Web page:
The Big Day: Cutting Into the Prosciutto

Well……on a scale of one to “pretty damned amazing”, Herschel the prosciutto rates very high toward the top of the scale.

Yesterday, after twenty one months of watching this pig leg age, dry, mature, and hang from the ceiling of my basement, it was finally time to cut into this meaty jewel, give it a taste, and share a long-awaited feast with friends.

Below is a shot of the final product. I’m still amazed that salt and a lot of time can transform raw pork into something this pretty. The color, the texture, the sweet and nutty smell. I don’t know exactly what went on below the skin during the last 2 years, but it was a very good thing.

If you recall from the first post of this blog (October 2009), the pig leg, sourced from Sea Breeze farm on Vashon Island, Washington started as a fresh 22 lb drumstick. The pig had been slaughtered just days before I retrieved it from the Ballard Farmers Market,  put it in my bike trailer, and peddled it home behind my bicycle. Below is a “before” pic.

Below, just 21 months later, the leg had lost more than 40% of its original weight. Before cutting into it, I was concerned that it may be too dry. The skin and outer surfaces were extremely hard. But there was always some give when squeezing the thick center part of the muscle. It was not always easy wondering if the meat inside this package was doing all the stuff it was supposed to be doing. Aging, mellowing, and softening of the inside leg meat seemed a bit far fetched when visually inspecting the leg during the past few months.

Sure enough, the outer edge of the leg was extremely hard and dry. But despite the jerky-like texture, the flavor was stunning. Some sort of  magic had definitely taken place here, because there was a rich nutty taste permeating this DRY and tough section. But……..as I continued slicing and cutting into the thicker part of the  the leg…….

…….the meat became softer, more moist, and finally a rich ruby red color. I took the large piece below and ran it through my electric meat slicer, shaving paper-thin sheets of ham from this area of the leg.

Results…..this prosciutto melted on my tongue. There was no toughness about the meat. The salt level was perfect.  This thing had simply turned into the most complex and elegant piece of food I have ever made. I’ve been lucky enough to eat a lot of prosciutto in Europe and in the States, and I think the friends that joined me on Sunday were treated to a very special leg. This was amazing!   We ate it wrapped around sweet cantaloupe, alongside rustic bread, and there was a lot consumed directly from fingers to mouth without any extra flavors to confuse the matter. No matter what you did with this prosciutto, it was good slow food, and it made people smile. And that made me happy.

But, how can you host a party and pretend to feed 30 friends with a single prosciutto? That’s where the fresh Link Lab Artisan Meats sausage entered the picture. We all enjoyed Boerewors and Hot Italian Sausage links.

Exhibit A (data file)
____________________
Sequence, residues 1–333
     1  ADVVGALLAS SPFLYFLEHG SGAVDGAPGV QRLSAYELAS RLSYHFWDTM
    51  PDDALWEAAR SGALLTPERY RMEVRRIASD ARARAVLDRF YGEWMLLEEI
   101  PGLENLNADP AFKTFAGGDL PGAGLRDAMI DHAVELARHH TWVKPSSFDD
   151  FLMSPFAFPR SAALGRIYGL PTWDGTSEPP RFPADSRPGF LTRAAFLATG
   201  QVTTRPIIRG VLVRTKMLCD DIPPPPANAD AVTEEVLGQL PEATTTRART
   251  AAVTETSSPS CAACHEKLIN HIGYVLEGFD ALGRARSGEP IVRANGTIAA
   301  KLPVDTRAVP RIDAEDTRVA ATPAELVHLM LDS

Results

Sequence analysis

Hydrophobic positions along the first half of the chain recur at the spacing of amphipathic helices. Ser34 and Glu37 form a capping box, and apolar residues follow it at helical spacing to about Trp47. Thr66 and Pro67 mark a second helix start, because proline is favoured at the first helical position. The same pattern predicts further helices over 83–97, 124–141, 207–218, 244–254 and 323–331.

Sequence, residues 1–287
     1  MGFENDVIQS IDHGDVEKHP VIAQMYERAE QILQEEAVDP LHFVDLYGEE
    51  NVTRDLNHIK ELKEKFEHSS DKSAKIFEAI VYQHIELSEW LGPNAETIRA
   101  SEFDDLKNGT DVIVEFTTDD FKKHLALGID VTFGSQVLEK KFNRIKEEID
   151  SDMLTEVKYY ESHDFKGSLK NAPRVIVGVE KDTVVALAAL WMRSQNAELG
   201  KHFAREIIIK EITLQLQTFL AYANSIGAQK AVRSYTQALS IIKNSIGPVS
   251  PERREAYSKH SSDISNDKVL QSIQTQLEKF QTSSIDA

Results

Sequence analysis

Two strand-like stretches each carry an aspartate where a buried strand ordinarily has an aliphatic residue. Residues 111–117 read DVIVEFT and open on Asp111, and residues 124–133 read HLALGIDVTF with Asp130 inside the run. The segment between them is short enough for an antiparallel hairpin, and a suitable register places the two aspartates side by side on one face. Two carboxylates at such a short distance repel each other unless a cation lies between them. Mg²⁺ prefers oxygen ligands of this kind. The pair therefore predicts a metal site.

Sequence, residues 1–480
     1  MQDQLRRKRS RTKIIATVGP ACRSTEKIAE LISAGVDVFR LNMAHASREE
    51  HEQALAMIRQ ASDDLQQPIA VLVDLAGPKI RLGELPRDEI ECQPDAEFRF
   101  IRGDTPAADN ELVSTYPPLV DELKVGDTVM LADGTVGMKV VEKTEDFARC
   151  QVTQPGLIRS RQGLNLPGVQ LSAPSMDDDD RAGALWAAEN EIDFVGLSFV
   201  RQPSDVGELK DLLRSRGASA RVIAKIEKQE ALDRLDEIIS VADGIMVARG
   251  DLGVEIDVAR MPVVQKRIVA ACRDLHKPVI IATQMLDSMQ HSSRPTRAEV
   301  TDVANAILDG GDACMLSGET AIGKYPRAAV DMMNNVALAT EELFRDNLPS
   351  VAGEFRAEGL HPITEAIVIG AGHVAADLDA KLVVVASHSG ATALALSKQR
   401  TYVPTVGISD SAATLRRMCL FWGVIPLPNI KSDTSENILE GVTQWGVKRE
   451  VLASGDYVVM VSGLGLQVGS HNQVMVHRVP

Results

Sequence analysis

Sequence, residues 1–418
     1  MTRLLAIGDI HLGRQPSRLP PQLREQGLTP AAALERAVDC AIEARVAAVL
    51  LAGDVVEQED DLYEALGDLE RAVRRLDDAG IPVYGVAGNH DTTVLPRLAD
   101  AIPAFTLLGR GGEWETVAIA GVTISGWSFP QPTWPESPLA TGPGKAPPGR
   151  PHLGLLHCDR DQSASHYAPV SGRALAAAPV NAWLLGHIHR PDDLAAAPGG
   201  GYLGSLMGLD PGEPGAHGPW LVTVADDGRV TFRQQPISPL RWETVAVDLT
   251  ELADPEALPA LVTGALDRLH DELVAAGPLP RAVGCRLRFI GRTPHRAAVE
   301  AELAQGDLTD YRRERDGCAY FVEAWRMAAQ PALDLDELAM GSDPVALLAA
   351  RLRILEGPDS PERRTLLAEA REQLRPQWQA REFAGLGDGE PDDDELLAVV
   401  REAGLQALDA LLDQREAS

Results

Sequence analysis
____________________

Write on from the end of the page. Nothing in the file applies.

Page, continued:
And after we ate, there was music. Lots of music.

(photo by Karla Thomas)

As soon as the temperatures start to turn cool again, I can’t wait to start the process again and age another prosciutto. Actually, this time, I plan to find a couple or three legs from different pig breeds and let them all age simultaneously. There’s a great chance I’ll keep notes on this oinkmoo blog, but if not, check back with me in 2013, and I’ll let everyone know how it went.

Now….back to work. Link Lab Artisan Meats, LLC is 6 months old. The Seattle food community has been really supportive of my efforts, and I’m looking forward to continuing to make great sausage, support great farmers, and hopefully share some fun stories about meat. Thanks again to everyone for all of your interest, enthusiasm, and support during these past two years! —-David

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5 Responses to The Big Day: Cutting Into the Prosciutto

  1. jered says:

    Great job, that looks awesome!

  2. Evan says:

    Congratulations, that’s pretty exciting! Great to have it turn out right the first time.

    My partner and I run a small farm in California, and we were thinking of doing something similar to what you’re doing (although we’d be raising some of our own animals).

    Mostly I was wondering how much it ended up costing you to modify your basement into a USDA facility, as sort of a rough ballpark figure, if you don’t mind me asking. Our basement here is at present a half-furnished woodworking shop left here by the previous owner, and we talk on and off about making it somewhere where we could can tomato sauce and jellies and possibly do some charcuterie.

  3. janelle says:

    “like” I hope to hang some legs in my basement someday soon;).

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